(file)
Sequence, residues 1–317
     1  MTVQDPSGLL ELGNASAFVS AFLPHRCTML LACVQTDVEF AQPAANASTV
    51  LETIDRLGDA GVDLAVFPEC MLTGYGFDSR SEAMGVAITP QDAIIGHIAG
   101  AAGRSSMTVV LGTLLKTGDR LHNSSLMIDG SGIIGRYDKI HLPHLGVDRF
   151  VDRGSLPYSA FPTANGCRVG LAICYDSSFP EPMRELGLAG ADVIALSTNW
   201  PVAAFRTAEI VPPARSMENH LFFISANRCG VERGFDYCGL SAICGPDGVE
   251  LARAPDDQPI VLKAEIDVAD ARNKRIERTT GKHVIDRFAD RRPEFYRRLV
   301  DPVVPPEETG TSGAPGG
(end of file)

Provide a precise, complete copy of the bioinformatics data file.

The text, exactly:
Sequence, residues 1–317
     1  MTVQDPSGLL ELGNASAFVS AFLPHRCTML LACVQTDVEF AQPAANASTV
    51  LETIDRLGDA GVDLAVFPEC MLTGYGFDSR SEAMGVAITP QDAIIGHIAG
   101  AAGRSSMTVV LGTLLKTGDR LHNSSLMIDG SGIIGRYDKI HLPHLGVDRF
   151  VDRGSLPYSA FPTANGCRVG LAICYDSSFP EPMRELGLAG ADVIALSTNW
   201  PVAAFRTAEI VPPARSMENH LFFISANRCG VERGFDYCGL SAICGPDGVE
   251  LARAPDDQPI VLKAEIDVAD ARNKRIERTT GKHVIDRFAD RRPEFYRRLV
   301  DPVVPPEETG TSGAPGG